FINISHING THE JOB: In the early weeks of the season, much work went into getting NU's offense to stop sputtering when it had the short field. One must note the progress made on this front: Trailing 3-0, a J-Train return gets NU to midfield, and before you can say "who's our holder gonna be this week," Jammal Lord is in the end zone after a 22-yard gallop. Bullocks gets his seventh pick of the year, and within moments Miso Horne is standing in the land of the colored turf. McNeal fumbles at his own 12, and one play later J-Train finally, finally, final-frickin-ly gets his first score of the season. Lastly, Dustin Long gets picked off in the fourth by Fabes, and Isaiah Fluellen and Joe Dailey quickly make a love connection. It's clear that as this season has unfolded, NU's offense is a lot like the ocean -- it's kind of up and down and fairly unpredictable from moment to moment, but no matter what, you always have to respect it.
NORTHERN COMFORT: Unlike last season, when the Cornhuskers waited until the third quarter of their second league game to even take the lead on a Big 12 foe, the Big 12 North is up for grabs. Don't look now, but after three games the division looks like Stephen A. Douglas's 1854 legislation to officialize popular sovereignty in the U.S. in hopes of stopping section division over slavery. In other words, non-historians, it's a regular Kansas-Nebraska Act. At 2-1 each, both preseason also-rans now are heading up the division. KSWho's win over Calarady was probably the key result outside of Lincoln on Saturday, followed closely by OU's shellacking of Mizzou. Blimey, will the key game in the North not be fought in Boulder this year, but in Lawrence instead? I know, I know. Lots of football to go.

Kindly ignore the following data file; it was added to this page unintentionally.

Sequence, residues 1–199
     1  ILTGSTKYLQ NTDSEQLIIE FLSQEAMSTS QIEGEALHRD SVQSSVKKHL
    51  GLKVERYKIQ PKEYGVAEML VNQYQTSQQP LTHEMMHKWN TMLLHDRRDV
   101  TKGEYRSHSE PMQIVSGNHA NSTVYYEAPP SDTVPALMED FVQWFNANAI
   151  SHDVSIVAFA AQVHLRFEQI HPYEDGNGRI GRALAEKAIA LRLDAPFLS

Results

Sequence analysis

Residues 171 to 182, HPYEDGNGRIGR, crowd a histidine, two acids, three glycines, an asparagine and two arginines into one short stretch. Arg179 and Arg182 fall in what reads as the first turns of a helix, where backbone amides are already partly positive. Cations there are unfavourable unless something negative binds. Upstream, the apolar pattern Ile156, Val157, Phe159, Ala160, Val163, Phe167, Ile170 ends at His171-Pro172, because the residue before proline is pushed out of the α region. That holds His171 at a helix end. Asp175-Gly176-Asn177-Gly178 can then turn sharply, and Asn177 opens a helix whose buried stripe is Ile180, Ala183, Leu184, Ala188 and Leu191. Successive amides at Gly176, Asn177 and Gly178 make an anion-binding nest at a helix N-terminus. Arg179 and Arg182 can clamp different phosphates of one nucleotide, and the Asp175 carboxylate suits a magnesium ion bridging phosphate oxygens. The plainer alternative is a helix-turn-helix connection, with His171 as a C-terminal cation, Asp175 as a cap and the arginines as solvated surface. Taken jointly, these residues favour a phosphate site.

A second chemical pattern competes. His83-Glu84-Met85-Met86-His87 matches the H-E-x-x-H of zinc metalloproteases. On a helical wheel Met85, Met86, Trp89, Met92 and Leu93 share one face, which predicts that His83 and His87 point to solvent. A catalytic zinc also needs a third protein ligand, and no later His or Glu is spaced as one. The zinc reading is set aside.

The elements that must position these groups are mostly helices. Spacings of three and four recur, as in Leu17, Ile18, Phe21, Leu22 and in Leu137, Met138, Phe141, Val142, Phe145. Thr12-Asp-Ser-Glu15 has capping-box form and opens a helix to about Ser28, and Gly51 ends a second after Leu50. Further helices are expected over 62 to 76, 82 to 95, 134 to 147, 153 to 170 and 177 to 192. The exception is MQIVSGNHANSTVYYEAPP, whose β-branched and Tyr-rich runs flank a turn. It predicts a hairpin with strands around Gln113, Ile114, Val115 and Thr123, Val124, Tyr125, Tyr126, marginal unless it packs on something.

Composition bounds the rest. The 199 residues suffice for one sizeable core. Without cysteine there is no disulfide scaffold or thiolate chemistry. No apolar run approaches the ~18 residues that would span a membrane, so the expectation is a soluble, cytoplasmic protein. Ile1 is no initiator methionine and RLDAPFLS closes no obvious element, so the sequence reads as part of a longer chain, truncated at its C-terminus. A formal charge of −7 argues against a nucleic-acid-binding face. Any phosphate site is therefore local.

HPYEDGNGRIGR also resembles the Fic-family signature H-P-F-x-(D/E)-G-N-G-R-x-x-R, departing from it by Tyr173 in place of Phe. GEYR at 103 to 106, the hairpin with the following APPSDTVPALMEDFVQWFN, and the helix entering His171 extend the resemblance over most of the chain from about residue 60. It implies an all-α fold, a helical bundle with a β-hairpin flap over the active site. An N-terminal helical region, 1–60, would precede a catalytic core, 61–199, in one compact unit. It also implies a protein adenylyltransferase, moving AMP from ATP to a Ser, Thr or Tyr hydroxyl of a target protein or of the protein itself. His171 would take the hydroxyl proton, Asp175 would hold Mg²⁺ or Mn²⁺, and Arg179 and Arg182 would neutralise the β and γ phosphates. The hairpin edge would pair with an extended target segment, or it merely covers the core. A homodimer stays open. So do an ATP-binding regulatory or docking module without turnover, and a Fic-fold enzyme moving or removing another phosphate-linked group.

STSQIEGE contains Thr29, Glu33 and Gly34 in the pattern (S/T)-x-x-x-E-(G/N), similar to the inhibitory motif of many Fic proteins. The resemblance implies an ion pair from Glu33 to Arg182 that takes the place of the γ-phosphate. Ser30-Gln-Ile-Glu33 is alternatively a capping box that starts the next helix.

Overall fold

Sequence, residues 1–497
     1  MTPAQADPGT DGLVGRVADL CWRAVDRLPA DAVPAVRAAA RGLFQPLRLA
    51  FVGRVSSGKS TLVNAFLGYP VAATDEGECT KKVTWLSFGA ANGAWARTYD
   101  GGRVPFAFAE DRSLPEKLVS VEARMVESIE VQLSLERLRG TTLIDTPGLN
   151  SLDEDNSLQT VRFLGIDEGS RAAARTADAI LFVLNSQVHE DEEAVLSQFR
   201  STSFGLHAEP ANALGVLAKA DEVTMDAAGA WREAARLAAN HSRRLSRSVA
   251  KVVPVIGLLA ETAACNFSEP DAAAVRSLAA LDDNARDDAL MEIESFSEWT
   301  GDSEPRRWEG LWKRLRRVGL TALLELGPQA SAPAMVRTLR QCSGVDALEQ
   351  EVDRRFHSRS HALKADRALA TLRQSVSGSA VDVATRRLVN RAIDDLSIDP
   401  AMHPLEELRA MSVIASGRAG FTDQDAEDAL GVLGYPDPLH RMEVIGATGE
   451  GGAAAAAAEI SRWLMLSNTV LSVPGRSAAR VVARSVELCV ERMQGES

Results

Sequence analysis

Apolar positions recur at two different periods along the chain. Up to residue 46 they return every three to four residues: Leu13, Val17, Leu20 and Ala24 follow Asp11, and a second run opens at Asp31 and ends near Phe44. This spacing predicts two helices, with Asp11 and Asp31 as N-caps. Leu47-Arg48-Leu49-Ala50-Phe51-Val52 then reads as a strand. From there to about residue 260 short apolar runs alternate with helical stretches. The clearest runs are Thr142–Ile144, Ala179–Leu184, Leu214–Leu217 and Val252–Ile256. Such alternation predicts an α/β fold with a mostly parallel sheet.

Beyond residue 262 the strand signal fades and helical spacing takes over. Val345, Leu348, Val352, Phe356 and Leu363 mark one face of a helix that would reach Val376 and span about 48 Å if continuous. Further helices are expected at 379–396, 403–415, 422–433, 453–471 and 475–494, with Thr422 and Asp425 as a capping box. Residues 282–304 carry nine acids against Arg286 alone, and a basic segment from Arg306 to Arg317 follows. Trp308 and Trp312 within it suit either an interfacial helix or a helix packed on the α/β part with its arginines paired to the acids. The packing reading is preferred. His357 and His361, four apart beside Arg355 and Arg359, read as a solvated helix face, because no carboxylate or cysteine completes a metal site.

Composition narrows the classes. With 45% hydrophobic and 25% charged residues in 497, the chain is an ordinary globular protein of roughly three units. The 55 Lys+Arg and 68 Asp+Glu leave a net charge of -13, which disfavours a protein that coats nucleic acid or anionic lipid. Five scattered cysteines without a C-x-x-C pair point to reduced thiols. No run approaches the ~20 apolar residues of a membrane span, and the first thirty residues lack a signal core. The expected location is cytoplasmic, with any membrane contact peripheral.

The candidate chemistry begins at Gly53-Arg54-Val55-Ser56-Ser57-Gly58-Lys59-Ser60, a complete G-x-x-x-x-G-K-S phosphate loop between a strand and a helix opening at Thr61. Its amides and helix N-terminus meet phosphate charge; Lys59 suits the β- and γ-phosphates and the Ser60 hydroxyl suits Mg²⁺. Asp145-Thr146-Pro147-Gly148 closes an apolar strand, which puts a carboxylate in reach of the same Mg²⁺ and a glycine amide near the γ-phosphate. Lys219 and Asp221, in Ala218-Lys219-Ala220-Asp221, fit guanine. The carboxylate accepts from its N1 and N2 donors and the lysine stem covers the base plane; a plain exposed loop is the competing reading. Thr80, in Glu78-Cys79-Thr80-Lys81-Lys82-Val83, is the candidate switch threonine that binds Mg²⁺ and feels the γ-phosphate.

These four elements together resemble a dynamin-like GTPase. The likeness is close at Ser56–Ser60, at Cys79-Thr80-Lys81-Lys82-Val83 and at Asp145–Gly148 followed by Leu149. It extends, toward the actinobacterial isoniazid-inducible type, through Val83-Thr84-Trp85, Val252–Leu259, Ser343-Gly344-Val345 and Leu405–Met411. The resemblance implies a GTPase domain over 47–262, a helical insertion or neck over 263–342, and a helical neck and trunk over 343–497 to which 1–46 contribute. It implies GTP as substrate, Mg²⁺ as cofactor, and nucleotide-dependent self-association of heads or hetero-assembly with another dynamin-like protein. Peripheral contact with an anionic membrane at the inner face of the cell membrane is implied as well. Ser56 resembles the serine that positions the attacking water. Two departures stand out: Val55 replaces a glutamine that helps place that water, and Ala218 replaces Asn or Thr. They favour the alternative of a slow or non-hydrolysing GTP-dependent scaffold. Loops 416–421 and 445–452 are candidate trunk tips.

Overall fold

THE BOTTOM LINE: Hey, did anyone else think it was funny that Texas A&M, home of the famous 12th Man, needed two 12-men-on-the-field calls against Nebraska on Saturday just to muster a measly field goal? No? Too big of a stretch, huh. But as far as looking for things to gripe about, well, the guy on the Husker sidelines who's responsible for counting players is about the only one that the Loon can think to single out this week. Key words in that last sentence are "this week" -- in other words, here in our Aldous Huxley-like realm of wondering whether Nebraska is going to win each week, rather than just wondering by how much, it's probably worth our while to enjoy each victory as they come rather than worrying about what may happen if and when there's a Day of Reckoning some day in the future. As a fan, kicking back and enjoying this win isn't "pumping sunshine," as the so-called Realists have termed it. Being happy for the players on this Homecoming Saturday isn't being unrealistic, or pollyannish, or being "satisfied with mediocrity (another Realist fave)." It's being a fan and finding enjoyment out of a victory rather than being a soul-sucking Yeah-But all the time. Still, despite the grumbling, perspectives have changed enough this season that even the most pessimistic Loons are fully expecting the Big Red to mash next week's opponent, the Iowa State Cyclones, into gooey cardinal-and-gold clumps. If you would kindly check your calendar, you will see that this is Revenge Game No. 3 of 6. So while the Yeah-We-Won-But fans are probably already overlooking the sly Clones and mentally preparing for Texas, there's little reason to believe that the Cornhuskers themselves will be doing this. After all, the last time the Huskers and ISU met, it was an Attack of the Clones; NU was Forced out of the rankings for the first time since Mark Hamill wielded a Light Saber. But now, it's a whole different show in Lincoln -- for one, the Marching Band is back to playing the Imperial March as the Blackshirts come onto the field. The rebel scum had their fun last season, but now it's time for the Empire to Strike Back. Nebraska 42, Iowa State 7.